• Maid Cafes:This a popular type of cafe, commonly found in Tokyo’s Akihabara district, which is known for anime. Female servers are dressed as maids in a sort of cosplay atmosphere.

    • The “maid” servers cater to their (mostly) male guests, but also don’t tolerate rude or unwarranted behavior (which can be common). Maid Cafes have a focus on being very cute – think singing songs, taking selfies, and serving latte art.

    • There has been a bit of controversy surrounding maid cafes, with some rumors connecting them to prostitution rings. Other sources swear they are totally innocent. Do your own research and decide if this would be an enjoyable experience for you.

A note on animal cafes:We’d urge you to practice caution and do a bit of research before choosing to go to an animal cafe. We’ve been to both dog and cat cafes, which seemed okay since these animals tend to like attention from people and are quite domestic.

However, we’ve heard pretty bad things about some of the other animal cafes that can be found in Japan, like owl, sheep, hedgehog, fox, etc. Many of these animals aren’t meant to be around people or constantly stimulated. If you really want to go to an animal cafe, cat, dog or rabbit cafes seem to be the best options.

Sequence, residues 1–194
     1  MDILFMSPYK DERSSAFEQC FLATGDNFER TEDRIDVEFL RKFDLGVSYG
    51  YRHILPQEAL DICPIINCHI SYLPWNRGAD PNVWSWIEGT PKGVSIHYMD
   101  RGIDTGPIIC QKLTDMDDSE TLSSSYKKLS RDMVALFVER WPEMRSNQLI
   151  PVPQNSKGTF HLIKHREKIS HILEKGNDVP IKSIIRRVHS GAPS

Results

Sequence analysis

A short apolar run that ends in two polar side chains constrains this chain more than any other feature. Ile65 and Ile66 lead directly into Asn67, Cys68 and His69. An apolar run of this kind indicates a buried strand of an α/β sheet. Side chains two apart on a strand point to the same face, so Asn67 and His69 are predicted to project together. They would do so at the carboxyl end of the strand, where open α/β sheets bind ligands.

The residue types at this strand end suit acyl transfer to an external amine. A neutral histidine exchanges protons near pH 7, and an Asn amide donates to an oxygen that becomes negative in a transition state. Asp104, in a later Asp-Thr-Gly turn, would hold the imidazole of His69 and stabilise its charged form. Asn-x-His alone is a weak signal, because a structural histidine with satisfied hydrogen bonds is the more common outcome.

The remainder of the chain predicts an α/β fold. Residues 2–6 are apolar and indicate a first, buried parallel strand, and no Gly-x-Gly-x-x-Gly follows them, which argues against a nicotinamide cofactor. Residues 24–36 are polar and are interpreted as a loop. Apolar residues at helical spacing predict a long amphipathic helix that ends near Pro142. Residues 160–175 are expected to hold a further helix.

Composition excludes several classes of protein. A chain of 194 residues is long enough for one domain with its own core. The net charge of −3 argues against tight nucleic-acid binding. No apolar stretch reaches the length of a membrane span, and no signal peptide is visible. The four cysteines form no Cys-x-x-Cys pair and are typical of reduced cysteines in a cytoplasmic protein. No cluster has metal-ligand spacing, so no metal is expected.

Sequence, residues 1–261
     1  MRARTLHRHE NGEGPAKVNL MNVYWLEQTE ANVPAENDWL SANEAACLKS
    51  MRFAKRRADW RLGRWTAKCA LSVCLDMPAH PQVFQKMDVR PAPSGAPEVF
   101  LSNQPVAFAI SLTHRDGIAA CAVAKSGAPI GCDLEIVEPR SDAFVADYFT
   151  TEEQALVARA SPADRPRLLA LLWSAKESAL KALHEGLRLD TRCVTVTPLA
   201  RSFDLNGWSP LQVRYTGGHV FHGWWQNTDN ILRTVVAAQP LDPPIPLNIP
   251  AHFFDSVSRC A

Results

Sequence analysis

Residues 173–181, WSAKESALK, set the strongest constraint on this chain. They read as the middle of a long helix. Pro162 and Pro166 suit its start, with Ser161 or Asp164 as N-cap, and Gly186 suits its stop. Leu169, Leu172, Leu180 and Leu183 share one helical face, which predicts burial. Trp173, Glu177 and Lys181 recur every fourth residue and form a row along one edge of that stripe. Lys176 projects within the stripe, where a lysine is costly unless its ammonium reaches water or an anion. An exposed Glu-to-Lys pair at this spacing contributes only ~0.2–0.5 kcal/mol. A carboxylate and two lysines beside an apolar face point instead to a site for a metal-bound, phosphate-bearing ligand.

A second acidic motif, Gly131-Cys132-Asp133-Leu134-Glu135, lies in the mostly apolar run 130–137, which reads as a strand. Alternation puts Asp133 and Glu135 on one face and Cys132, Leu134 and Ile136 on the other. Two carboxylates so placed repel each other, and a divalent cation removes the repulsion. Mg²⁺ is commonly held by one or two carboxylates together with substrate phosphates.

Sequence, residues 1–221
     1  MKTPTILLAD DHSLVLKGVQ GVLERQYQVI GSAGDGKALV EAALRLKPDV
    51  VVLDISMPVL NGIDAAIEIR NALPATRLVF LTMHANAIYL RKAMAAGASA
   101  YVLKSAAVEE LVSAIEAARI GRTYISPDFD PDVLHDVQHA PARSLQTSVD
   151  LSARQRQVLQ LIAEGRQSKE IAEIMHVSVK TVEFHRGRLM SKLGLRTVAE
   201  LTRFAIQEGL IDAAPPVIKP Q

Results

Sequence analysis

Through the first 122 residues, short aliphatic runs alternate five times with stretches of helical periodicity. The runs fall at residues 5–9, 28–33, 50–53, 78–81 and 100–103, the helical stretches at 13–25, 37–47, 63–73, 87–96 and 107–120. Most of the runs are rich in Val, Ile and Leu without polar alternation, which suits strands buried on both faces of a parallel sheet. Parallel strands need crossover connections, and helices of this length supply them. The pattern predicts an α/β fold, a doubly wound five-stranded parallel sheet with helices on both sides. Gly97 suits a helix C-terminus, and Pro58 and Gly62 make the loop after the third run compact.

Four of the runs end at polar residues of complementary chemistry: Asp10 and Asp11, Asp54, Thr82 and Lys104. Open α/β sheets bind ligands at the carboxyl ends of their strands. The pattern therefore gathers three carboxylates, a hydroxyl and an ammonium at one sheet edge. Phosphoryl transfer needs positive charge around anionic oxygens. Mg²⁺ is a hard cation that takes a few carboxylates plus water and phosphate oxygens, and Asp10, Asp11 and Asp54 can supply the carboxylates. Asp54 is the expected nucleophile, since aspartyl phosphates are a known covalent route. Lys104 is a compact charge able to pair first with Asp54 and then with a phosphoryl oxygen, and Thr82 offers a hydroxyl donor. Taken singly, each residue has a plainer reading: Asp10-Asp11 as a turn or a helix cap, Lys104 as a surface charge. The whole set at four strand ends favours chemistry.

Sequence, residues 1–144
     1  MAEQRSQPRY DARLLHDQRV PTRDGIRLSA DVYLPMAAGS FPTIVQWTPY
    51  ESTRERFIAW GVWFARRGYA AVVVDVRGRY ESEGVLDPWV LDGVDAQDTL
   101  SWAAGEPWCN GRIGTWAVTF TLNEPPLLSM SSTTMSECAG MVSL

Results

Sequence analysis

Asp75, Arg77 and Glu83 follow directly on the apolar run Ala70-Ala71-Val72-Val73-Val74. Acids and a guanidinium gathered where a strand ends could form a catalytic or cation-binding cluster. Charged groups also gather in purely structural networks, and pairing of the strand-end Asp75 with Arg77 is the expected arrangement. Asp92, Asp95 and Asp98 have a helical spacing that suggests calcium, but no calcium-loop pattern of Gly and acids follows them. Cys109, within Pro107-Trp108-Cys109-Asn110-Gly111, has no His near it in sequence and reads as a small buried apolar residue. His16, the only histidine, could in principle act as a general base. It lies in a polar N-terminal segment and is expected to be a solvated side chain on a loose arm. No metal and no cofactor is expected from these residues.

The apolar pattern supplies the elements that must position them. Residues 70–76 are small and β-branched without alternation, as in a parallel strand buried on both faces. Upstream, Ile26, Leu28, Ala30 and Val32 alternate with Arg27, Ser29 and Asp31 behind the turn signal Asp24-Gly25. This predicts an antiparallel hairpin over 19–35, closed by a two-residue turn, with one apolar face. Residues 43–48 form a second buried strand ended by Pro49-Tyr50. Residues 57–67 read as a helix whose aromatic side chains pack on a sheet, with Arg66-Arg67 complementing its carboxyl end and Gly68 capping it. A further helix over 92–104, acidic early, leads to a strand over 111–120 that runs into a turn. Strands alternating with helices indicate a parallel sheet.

Related:36 Responsible Travel Tips

15. Get Schooled on History in Hiroshima

事情to do in Japan Atomic Bomb Dome

Hiroshima is well worth a place on yourJapan itinerary, especially if you’re a history buff. Visiting the Hiroshima Peace Memorial Museum will teach you more than you ever could learn in history books.

Tip:If you’re planning on staying in Osaka, you can easily make aday trip from Osaka to Hiroshimato explore the highlights of the city. And it’s even included in yourJRail Pass!

As a quick refresher, Hiroshima was bombed by Americans during World War II, making it the first city targeted with a nuclear weapon. Much of the city was destroyed, and while it’s unclear the exact number of direct victims of the atomic bomb, there are estimates that more than 160,000 people died as a result of the impact and the after effects.

Even if you’re not a “museum person”, a visit to the Peace Memorial Museum is a must.You’ll find photos and personal stories from the time of World War II, which makes this tragedy come to life for visitors.

展出的文物是轰炸,including clothing that was worn by victims and survivors at the moment of impact. Seeing the shredded fabric with your own eyes, knowing someone was wearing it, makes an impact.

事情to do in Japan Hiroshima Peace Memorial Park

参观博物馆后,探索广岛Peace Memorial Park, which has informational plaques, dedications and remnants from the bombing.

As you can imagine, it is heavy stuff. While painful, it is so important for people to see places like this in order to have a better understanding of our world history, and to move forward without repeating the mistakes of our past.

More things to do in Hiroshima:And on a lighter note, Hiroshima is actually a very cool and modern city with lots more to do. We’ve rounded up all the highlights including visiting the city’s castle and Japanese garden, eating regional cuisine you can only find here, and making a trip to the nearby Miyajima Island in ourday trip guide for Hiroshima.

16. See the Japanese Alps

事情to do in Japan Tateyama Kurobe Alpine Route

Europe isn’t the only region with alps.In fact, Japan has its very own alps that are absolutely breathtaking, and somewhat off the beaten path for foreign tourists.